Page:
Online store: At the moment, only used cars are being sold online with any regularity. But this is likely to change. Initially, online car channels will be most useful for low-end brands and specific segments. Such online shops should provide enhanced and easy-to use car configurators and visualization/simulation tools, all of which should be complemented by offline channels such as a test drive center. The first manufacturer site for online sales, from the Romanian company Dacia, features fixed online offers that enable a quick buying process – just 15 clicks. With a car configurator, customers can individually create their preferred Dacia car model. Specialists are available to chat online and answer specific questions.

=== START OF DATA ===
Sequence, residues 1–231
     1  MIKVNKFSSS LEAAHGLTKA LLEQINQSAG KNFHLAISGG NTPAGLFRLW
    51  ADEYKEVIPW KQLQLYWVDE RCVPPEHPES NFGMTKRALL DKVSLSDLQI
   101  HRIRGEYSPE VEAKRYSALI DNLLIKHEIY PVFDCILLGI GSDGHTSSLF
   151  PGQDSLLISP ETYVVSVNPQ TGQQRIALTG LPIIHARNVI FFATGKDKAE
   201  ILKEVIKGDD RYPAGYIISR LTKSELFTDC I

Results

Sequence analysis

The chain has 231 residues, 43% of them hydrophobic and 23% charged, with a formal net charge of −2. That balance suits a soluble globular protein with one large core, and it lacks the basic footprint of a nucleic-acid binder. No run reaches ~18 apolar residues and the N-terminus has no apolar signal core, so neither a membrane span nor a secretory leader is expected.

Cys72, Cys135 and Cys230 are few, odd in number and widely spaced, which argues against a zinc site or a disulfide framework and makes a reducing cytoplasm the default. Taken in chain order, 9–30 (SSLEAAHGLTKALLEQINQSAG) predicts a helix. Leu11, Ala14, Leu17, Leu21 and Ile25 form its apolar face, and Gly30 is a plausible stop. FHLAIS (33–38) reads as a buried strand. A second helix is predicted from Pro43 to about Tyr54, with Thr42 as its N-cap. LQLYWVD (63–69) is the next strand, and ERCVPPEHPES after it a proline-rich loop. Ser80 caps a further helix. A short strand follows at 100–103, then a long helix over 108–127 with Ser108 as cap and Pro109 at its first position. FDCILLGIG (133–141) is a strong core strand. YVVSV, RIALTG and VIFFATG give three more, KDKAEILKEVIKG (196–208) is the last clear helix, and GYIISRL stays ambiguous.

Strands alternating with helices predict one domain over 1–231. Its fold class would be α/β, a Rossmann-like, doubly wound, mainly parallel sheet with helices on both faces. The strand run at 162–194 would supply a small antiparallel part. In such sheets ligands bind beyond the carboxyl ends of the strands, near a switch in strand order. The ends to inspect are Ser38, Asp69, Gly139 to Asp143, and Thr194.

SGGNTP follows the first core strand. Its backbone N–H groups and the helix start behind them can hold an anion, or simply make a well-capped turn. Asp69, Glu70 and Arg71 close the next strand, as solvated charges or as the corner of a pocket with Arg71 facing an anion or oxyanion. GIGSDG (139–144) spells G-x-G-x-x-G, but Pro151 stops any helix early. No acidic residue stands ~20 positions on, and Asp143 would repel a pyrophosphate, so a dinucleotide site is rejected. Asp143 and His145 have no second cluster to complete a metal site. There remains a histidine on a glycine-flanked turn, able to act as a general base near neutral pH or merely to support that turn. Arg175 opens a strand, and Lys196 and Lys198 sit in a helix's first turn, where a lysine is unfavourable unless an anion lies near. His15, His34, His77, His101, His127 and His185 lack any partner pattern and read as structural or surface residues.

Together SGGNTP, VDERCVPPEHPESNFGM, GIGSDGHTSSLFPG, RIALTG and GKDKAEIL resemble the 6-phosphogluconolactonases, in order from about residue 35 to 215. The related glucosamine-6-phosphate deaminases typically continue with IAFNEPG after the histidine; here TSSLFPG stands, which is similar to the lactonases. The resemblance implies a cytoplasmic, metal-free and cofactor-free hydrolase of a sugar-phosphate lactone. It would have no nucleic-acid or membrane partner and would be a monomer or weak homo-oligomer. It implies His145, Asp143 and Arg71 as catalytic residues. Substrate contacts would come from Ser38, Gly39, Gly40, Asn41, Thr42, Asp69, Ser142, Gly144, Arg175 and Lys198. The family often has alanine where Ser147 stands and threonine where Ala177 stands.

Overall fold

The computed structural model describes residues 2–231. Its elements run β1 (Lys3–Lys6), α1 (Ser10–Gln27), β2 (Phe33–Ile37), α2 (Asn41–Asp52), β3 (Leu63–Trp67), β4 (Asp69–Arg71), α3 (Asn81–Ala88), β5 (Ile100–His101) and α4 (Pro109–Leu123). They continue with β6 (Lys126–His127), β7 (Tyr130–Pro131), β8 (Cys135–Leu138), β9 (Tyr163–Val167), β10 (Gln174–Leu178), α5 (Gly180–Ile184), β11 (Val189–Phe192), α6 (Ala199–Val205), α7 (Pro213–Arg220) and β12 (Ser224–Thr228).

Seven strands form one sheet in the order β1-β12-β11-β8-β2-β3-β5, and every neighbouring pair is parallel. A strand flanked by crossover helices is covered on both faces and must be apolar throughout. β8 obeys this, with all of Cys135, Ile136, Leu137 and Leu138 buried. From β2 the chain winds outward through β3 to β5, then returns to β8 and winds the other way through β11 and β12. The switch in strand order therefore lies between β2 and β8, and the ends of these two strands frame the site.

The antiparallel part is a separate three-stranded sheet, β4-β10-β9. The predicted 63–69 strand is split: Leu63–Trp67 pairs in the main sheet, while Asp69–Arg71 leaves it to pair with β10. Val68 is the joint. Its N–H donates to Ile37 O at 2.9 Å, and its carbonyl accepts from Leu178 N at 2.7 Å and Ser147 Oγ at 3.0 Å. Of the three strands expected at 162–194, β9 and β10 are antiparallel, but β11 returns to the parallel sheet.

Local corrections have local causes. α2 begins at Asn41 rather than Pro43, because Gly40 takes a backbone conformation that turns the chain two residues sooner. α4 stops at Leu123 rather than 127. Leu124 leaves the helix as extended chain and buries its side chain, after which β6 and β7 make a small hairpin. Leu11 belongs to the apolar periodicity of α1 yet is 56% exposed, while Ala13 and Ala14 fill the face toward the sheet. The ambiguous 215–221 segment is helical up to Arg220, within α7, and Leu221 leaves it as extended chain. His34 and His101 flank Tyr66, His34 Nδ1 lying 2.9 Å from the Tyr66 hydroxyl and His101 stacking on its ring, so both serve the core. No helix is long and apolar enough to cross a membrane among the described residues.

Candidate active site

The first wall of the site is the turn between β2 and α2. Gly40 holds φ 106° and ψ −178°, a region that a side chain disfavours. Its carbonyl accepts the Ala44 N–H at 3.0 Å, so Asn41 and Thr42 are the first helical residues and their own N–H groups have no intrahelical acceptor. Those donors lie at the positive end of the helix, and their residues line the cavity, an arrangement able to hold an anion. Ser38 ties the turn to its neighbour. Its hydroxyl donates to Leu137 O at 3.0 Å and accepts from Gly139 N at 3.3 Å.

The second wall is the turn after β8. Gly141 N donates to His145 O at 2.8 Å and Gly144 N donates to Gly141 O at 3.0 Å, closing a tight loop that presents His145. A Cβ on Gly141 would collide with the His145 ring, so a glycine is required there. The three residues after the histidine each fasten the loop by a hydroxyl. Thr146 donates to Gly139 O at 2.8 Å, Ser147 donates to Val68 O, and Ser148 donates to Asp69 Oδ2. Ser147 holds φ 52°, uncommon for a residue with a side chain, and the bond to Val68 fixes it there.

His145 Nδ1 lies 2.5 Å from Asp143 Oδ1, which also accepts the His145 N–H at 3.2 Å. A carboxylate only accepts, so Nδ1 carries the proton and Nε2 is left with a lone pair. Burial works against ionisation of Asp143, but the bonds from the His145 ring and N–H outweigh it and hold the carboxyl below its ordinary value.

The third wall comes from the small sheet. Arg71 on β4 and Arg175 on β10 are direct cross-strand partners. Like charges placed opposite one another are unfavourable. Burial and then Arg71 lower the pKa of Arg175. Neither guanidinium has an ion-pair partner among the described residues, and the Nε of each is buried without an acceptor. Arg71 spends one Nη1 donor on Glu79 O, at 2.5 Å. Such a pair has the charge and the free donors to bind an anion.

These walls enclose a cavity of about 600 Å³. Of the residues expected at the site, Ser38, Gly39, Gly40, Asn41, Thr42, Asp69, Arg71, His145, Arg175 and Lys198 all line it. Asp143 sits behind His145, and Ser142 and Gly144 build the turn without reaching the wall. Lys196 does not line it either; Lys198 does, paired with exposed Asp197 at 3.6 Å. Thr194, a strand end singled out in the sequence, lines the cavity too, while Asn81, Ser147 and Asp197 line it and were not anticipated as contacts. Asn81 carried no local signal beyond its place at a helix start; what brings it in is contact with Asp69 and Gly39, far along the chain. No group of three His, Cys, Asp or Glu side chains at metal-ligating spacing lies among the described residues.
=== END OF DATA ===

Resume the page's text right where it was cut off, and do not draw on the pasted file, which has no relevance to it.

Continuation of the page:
Interdependent intermediary online channel: Both manufacturers and dealers can benefit by utilizing the services of third party providers that bring together buyers and sellers, such as Kelley Blue Book, the U.S.’ largest vehicle valuation web site. These sites provide direct price quotes from dealers for selected car models, information about fair pricing and independent ratings of cars. They also offer customers an immense variety of products and dealers, and a database for obtaining financing and insurance.
In short, there is no one-size-fits-all format for the evolution of retail. One manufacturer might decide to set up a digital online channel for a specific car model, while another might fundamentally restructure its retail network and substitute retail outlets in suburbs with highly-digitized “city center stores” and a full-service “test-drive center” nearby to reach an increasingly urban population.